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A worrying new wave of covid-19 is hitting South-East Asia

Cases are rising across a region that had been relatively unscathed

On april 25th Bloomberg ranked Singapore as the world’s best country in which to weather the pandemic, in part because it had almost no local transmission. Two days later a 46-year-old nurse at Tan Tock Seng Hospital tested positive for the virus, revealing a cluster of dozens of infections. Within a week the government identified other new clusters, including at the airport and port. “We are now on the knife’s edge,” Lawrence Wong, a minister on Singapore’s covid-19 task force, warned on May 11th. “Our community cases can go either way in the next few weeks.”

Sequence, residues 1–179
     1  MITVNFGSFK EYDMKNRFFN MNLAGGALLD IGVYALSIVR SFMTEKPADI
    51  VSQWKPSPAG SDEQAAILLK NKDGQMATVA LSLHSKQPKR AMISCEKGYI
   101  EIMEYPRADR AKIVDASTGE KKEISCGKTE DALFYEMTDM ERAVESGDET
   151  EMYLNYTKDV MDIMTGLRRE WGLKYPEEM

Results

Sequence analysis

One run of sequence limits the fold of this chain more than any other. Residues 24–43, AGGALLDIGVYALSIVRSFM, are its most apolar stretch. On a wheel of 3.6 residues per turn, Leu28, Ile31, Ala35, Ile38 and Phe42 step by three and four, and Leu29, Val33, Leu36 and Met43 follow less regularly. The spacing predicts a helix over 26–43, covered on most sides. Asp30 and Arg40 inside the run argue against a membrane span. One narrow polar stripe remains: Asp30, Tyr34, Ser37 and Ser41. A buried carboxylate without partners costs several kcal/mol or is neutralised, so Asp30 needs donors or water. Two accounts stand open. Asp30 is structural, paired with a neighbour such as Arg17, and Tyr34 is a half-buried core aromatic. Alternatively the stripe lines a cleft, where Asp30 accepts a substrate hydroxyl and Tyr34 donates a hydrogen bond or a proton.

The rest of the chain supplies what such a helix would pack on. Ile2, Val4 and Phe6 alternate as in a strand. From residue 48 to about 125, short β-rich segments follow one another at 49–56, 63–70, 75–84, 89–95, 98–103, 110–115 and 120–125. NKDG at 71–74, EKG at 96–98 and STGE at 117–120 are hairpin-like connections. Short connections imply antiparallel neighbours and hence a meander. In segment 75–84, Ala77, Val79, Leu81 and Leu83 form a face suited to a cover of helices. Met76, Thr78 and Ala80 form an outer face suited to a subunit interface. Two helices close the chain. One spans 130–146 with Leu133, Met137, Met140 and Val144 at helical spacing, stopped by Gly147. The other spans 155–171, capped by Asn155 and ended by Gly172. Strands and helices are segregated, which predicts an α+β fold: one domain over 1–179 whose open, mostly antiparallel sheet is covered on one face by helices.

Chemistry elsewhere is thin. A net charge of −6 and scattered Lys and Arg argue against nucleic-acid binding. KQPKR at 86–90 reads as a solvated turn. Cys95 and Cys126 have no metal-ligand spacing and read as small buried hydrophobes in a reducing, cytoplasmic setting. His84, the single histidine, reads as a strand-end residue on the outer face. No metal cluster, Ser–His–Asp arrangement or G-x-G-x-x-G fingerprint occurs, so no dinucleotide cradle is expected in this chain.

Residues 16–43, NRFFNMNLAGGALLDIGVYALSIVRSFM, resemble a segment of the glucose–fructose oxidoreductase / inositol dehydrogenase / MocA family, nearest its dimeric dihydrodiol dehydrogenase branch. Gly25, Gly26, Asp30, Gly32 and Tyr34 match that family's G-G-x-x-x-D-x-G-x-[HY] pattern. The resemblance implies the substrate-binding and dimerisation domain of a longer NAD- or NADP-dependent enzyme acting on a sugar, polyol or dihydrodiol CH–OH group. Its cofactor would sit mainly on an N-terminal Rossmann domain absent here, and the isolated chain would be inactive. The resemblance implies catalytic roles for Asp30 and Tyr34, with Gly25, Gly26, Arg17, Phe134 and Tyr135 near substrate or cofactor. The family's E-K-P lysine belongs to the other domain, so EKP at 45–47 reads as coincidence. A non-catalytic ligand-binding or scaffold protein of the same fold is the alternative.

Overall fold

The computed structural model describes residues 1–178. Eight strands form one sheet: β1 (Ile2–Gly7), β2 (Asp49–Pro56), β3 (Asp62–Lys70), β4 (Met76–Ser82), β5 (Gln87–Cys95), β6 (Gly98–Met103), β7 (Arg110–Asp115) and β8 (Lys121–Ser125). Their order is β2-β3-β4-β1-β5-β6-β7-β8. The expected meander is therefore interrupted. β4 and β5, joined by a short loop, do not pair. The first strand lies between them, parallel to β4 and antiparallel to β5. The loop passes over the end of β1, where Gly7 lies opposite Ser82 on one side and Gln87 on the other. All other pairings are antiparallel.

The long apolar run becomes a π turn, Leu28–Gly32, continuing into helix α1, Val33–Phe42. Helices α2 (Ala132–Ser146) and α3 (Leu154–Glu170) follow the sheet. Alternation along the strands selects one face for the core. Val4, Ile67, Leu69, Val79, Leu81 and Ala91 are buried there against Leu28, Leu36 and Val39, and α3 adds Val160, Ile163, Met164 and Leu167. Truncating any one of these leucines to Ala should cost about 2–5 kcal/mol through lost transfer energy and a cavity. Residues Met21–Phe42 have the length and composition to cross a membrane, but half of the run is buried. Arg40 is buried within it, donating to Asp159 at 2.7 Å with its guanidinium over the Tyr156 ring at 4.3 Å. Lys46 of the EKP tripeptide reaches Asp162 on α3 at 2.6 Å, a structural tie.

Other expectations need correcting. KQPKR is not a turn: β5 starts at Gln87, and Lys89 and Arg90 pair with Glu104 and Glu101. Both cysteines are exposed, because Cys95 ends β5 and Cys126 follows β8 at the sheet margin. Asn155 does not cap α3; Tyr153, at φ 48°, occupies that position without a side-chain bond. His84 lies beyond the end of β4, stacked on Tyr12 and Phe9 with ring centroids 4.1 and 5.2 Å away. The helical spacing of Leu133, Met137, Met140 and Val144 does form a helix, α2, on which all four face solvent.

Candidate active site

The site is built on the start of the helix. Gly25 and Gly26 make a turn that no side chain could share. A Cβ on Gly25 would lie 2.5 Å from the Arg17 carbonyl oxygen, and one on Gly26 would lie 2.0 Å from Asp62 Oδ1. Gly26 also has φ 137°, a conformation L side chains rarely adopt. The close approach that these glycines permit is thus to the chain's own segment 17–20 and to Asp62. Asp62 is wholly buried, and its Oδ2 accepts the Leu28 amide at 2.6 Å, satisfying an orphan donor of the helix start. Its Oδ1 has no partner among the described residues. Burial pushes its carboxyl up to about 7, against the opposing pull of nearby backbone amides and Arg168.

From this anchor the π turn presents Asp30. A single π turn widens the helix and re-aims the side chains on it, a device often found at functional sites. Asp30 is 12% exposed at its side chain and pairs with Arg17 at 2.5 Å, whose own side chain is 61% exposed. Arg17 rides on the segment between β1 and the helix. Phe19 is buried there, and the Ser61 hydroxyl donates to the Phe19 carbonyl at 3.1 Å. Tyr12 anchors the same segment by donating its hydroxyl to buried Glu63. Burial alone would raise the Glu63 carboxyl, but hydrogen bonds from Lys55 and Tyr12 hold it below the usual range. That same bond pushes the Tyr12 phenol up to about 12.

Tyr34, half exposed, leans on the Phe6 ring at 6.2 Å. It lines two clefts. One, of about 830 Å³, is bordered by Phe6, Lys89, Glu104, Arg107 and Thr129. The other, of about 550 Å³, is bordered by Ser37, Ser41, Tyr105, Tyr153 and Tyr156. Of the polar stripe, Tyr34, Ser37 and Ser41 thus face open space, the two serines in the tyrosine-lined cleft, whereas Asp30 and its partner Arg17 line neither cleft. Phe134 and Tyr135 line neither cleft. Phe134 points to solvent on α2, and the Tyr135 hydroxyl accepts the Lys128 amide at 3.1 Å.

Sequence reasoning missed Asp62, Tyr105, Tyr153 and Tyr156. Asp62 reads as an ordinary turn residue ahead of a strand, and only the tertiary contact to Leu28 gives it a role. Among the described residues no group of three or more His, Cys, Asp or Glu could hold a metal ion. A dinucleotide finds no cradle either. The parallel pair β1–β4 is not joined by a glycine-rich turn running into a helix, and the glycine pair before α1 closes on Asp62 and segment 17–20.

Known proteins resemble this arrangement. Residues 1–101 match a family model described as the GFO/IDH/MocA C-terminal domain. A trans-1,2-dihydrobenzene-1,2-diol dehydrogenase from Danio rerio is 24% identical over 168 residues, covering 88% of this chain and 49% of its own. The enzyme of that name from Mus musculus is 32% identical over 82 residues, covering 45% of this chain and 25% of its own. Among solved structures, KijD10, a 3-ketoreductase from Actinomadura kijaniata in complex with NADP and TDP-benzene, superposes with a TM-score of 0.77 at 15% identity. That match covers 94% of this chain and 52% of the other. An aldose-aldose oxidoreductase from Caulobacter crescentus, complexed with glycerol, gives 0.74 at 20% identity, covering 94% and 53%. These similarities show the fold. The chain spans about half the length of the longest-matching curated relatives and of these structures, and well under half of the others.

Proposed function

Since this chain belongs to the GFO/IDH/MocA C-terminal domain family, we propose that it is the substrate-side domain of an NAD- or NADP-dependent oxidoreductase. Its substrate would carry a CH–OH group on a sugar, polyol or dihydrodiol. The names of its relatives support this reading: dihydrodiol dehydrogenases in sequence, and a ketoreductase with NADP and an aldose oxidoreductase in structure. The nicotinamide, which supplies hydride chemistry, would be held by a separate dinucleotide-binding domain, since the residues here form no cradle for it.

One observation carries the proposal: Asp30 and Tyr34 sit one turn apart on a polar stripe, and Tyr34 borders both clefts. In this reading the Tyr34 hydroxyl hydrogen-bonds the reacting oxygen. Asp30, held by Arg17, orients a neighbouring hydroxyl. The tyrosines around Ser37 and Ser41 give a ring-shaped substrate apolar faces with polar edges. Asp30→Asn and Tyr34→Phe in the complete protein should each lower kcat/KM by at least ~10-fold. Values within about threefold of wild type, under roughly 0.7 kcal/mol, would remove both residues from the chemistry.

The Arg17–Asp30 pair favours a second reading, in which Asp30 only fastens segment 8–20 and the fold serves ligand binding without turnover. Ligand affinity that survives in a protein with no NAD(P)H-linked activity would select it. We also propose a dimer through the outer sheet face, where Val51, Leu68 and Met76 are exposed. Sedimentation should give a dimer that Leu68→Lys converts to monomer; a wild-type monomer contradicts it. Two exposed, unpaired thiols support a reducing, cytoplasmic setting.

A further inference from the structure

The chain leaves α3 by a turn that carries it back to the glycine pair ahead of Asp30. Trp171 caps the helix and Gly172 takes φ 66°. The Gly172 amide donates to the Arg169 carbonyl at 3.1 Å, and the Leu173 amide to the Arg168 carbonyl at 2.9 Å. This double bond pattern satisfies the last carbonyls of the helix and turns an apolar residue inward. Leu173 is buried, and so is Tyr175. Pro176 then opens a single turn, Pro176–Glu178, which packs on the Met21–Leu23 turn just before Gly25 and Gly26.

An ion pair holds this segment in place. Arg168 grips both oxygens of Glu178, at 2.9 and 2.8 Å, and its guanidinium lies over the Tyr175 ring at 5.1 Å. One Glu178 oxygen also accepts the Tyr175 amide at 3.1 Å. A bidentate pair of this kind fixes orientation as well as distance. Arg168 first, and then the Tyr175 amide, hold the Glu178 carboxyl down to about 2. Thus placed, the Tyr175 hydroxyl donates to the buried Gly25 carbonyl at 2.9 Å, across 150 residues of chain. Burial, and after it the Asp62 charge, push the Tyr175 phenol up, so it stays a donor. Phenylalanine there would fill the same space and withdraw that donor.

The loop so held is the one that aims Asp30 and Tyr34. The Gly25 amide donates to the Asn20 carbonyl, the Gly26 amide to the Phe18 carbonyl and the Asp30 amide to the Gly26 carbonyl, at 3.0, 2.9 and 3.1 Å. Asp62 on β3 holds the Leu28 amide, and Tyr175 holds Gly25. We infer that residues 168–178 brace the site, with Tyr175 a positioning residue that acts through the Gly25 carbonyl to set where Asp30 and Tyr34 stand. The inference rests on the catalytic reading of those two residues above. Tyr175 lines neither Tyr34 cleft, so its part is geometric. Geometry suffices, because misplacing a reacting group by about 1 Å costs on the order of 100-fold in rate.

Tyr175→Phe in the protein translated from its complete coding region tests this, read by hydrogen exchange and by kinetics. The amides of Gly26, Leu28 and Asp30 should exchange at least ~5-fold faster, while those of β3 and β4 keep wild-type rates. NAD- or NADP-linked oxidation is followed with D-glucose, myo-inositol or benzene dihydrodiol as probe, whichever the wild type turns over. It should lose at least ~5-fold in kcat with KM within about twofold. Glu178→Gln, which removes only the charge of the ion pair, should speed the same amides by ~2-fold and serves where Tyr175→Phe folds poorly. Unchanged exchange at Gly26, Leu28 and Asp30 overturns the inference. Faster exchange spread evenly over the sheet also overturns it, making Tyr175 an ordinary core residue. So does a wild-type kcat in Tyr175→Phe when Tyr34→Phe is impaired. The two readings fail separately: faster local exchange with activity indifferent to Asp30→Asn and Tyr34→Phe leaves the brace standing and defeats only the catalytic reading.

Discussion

Much of South-East Asia is similarly poised. Across the region, clusters have been found in places where defences are weakest: hospitals, quarantine facilities and border crossings. Lapses in those places allowed infections to spread more widely. Moreover, the virus has mutated over the past year, and the variants spreading now are more transmissible. That includes b.1.617, first identified in India, which has appeared in Cambodia, Indonesia, Malaysia, Singapore and Thailand.


global initiative for responsible investment